This past week, we struck out eastward into the Sierra Gorda mountains. We saw a green spot on our map marking the Reserve, looked it up in our Lonely Planet guide, and learned that the area was “not to be missed.” And that was true! We had several days of stunning scenery as we climbed up to 9000 feet and back down to nearly sea level. This detour, of sorts, replaced our trip to see the butterfly reserve since it was not open yet.
The first night out of Guanajuato we stayed in a hostel in San Miguel de Allende. This town is extremely touristy, and was described to us as the Mexican version of Disneyland. It was bizarre to see so many English-specking tourists, we were disappointed that everything was so expensive, and we were happy to leave the next morning. However, I must admit that our hostel was one of the cleanest places that we’ve stayed at in Mexico.
From there we rode on less-busy roads through an agricultural area to the entrance to the Sierra Gorda Reserve. We entered the area by dropping off the edge of a plateau into a massive valley. Every few miles there would be little towns. Eventually we made it to the town of Santa Catarina where we planned to spend the night. We stayed in a barely-marked hotel which seemed almost new – for $12 US. The family running it lived in the front, and allowed us in their kitchen to use the big gas stove to cook. We ate our meal while the neighbor kids watched TV at the other end of the room. After dinner, the matron insisted on doing our dishes!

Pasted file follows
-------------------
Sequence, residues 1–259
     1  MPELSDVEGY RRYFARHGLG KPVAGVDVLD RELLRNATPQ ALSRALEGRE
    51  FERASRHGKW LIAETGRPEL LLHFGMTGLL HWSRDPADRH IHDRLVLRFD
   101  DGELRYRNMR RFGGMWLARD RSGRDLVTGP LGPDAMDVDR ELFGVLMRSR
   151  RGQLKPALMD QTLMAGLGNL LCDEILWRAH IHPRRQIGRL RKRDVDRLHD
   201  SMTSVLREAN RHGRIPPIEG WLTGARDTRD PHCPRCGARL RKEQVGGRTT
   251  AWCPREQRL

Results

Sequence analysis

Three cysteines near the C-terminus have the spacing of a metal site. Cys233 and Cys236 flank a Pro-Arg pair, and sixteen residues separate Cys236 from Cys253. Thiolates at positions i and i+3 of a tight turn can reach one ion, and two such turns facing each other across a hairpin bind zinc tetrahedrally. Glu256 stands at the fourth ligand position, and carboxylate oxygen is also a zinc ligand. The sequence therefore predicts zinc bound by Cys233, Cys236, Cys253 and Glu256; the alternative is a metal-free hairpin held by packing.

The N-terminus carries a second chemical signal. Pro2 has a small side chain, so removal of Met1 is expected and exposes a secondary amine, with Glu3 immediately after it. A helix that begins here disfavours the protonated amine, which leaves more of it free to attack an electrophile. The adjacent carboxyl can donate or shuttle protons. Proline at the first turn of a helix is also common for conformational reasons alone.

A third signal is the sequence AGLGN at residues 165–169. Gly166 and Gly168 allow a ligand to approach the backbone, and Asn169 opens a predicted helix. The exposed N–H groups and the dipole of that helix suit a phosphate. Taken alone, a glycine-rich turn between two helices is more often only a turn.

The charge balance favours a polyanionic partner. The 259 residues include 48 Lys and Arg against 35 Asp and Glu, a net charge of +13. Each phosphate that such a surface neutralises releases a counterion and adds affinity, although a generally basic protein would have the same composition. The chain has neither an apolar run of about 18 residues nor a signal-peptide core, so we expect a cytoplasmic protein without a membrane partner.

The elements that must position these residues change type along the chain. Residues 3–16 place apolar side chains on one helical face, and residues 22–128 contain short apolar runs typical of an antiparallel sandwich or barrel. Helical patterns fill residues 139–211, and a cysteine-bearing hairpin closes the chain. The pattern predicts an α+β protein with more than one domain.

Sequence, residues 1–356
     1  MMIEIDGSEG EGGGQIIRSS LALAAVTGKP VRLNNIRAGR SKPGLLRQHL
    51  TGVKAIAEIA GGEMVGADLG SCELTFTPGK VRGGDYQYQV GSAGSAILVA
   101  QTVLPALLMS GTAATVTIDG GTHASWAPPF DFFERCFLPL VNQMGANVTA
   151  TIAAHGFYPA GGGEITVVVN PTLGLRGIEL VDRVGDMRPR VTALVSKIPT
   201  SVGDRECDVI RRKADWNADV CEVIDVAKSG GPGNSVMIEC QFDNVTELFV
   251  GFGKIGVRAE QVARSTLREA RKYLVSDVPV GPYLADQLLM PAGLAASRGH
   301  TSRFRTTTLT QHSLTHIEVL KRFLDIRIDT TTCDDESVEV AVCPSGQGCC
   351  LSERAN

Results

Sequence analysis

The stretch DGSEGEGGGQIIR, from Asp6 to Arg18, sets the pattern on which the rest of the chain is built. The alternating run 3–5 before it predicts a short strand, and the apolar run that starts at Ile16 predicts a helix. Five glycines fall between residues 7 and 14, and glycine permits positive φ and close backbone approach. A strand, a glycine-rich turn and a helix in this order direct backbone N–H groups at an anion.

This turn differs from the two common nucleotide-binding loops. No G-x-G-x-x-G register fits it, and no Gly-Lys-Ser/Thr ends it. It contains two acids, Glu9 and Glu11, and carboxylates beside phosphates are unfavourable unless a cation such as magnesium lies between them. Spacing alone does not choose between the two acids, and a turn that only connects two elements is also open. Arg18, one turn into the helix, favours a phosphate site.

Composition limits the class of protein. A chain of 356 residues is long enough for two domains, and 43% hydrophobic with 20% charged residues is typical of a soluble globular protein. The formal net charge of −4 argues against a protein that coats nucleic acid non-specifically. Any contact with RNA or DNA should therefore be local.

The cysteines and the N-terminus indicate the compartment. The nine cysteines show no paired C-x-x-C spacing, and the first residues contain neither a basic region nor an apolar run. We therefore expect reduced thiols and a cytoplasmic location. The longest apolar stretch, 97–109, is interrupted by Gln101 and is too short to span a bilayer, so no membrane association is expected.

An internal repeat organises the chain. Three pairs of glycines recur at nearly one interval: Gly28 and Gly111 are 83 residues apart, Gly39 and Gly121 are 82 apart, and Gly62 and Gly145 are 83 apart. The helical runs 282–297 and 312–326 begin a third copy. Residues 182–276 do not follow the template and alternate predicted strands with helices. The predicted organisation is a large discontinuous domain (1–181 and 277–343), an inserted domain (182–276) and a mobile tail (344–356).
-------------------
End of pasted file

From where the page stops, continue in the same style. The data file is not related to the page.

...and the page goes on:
The Sierra Gorda Reserve has some 14 different ecosystems. It was amazing to pass through so many in just a couple days! We started in a desert with cactus, and as we gained elevation we entered a thick forest. We enjoyed looking back on the valley we left far, far below. On the descent we entered a forest so thick and teeming with life that we decided it was indeed a jungle. We spent two nights in the town of Jalpan, and celebrated our 1-yr anniversary with local fruit nieves. We also enjoyed the hospitality of Rodrigo from WarmShowers. (Thanks Rodrigo!)
After our rest day in Jalpan we climbed out of the park on a wet, chilly day that didn’t get over 45°F. brrr. As we descended to the town of Xilitla our hands and feet got quite cold. We were shocked at the size and haphazard (even for Mexico) building practices of this town! And also the high hotel prices! Luckily we found a campground. The next day we made it to Tamazunchale, which is nearly at sea level. We are definitely in a lush jungle, and have seen more banana and mandarin trees than dogs.